Unintended consequences of welfare reform: Evidence from birth outcomes of Aboriginal Australians

Unintended consequences of welfare reform: Evidence from birth outcomes of Aboriginal Australians Report

  • Author(s): Doyle, Mary-Alice, Schurer, Stefanie, Silburn, Sven
  • Published: 2020
  • Publisher: IZA – Institute of Labor Economics
  • ISBN: ISSN: 2365-9793

Abstract: Aboriginal and Torres Strait Islander people have notably embraced vocational education and training (VET) in places classified as very remote by the Australian Bureau of Statistics (ABS). Participation rates are high and qualification holders are increasing as a result of strong participation (Crawford & Biddle 2017; Windley 2017). Despite this strong participation, the employment outcomes for Aboriginal and Torres Strait Islander graduates in very remote parts of Australia remain low. It would seem that training is not translating into employability or employment for many (if not most) learners. One reason for this is completion rates of less than 20% for many courses, meaning there is high attrition. Completion rates are particularly low at Australian Qualifications Framework (AQF) certificates I and II. In 2015, completion rates for Aboriginal and Torres Strait Islanders in very remote areas across Australia were 10.6% for certificate I courses and 16.6% for all AQF courses. For participants then, the expectations of training may not be realised, and, for training providers and trainers, the inefficiencies created by non-completion mean that too much attention is placed on attending to the needs of administration rather than on the learners. Recognising this problem, a team of researchers representing five different institutions from around Australia set out to uncover how training retention and employability could be improved. Drawing on their experience, they identified five programs in their institutions that are considered successful in achieving above-average retention. By studying these case examples, the factors contributing to successful retention could be identified, as well as the approaches that worked. The team also examined quantitative data, available through the National Centre for Vocational Education Research’s (NCVER) VOCSTATS database, to understand the dynamics of participation, retention and completion in very remote parts of Australia.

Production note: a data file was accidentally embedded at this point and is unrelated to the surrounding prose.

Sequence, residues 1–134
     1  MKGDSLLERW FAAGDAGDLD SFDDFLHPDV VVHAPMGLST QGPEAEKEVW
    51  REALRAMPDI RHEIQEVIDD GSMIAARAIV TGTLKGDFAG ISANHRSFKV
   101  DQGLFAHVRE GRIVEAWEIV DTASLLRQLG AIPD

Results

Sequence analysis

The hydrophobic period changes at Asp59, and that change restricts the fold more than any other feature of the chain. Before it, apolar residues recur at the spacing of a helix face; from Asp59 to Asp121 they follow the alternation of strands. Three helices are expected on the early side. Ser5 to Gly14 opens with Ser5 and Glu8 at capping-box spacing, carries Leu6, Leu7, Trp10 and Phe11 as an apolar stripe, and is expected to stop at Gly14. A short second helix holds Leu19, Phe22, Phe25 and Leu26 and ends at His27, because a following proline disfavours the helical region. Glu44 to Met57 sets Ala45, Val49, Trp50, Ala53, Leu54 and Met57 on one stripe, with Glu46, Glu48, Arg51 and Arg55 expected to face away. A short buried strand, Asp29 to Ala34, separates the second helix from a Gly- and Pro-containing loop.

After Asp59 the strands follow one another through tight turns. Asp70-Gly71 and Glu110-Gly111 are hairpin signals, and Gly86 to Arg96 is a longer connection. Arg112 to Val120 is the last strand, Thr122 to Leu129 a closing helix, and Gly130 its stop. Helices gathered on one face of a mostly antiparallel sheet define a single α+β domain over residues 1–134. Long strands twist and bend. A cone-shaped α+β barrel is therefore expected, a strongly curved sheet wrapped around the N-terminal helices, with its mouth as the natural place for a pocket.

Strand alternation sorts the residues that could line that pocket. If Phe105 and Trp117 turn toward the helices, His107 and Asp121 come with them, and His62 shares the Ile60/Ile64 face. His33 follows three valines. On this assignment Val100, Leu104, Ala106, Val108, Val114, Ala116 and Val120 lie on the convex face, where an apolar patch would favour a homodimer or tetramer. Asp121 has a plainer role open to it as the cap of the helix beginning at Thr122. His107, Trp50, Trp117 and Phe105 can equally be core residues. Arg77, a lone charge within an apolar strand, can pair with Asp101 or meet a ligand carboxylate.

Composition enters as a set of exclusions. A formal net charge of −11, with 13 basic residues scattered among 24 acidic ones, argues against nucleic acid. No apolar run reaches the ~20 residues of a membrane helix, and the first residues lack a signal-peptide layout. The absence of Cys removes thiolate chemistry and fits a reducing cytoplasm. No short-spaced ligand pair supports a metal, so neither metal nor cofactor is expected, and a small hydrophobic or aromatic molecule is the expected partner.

• Urls: http://ftp.iza.org/dp13543.pdf
  • Publisher Location: Bonn, Germany
  • Keywords: welfare reform, Aboriginal children, birth outcomes, income management, unintended consequences

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Suggested Citation
Doyle, Mary-Alice, Schurer, Stefanie, Silburn, Sven, 2020, Unintended consequences of welfare reform: Evidence from birth outcomes of Aboriginal Australians, Report, viewed 16 July 2024, https://www.nintione.com.au/?p=19244.

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